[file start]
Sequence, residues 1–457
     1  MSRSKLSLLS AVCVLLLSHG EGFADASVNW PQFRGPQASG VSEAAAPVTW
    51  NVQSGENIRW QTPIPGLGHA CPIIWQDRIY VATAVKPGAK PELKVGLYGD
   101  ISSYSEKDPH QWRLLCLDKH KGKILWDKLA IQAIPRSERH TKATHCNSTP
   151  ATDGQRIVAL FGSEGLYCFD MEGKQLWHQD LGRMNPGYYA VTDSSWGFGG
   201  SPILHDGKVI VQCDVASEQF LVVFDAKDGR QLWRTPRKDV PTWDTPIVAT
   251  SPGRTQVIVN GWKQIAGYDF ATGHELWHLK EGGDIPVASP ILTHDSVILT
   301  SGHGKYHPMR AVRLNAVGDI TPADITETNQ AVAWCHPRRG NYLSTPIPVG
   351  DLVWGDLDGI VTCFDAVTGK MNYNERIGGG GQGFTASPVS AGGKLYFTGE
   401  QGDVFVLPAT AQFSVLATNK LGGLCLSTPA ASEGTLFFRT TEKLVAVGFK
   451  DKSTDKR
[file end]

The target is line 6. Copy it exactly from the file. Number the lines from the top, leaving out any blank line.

   201  SPILHDGKVI VQCDVASEQF LVVFDAKDGR QLWRTPRKDV PTWDTPIVAT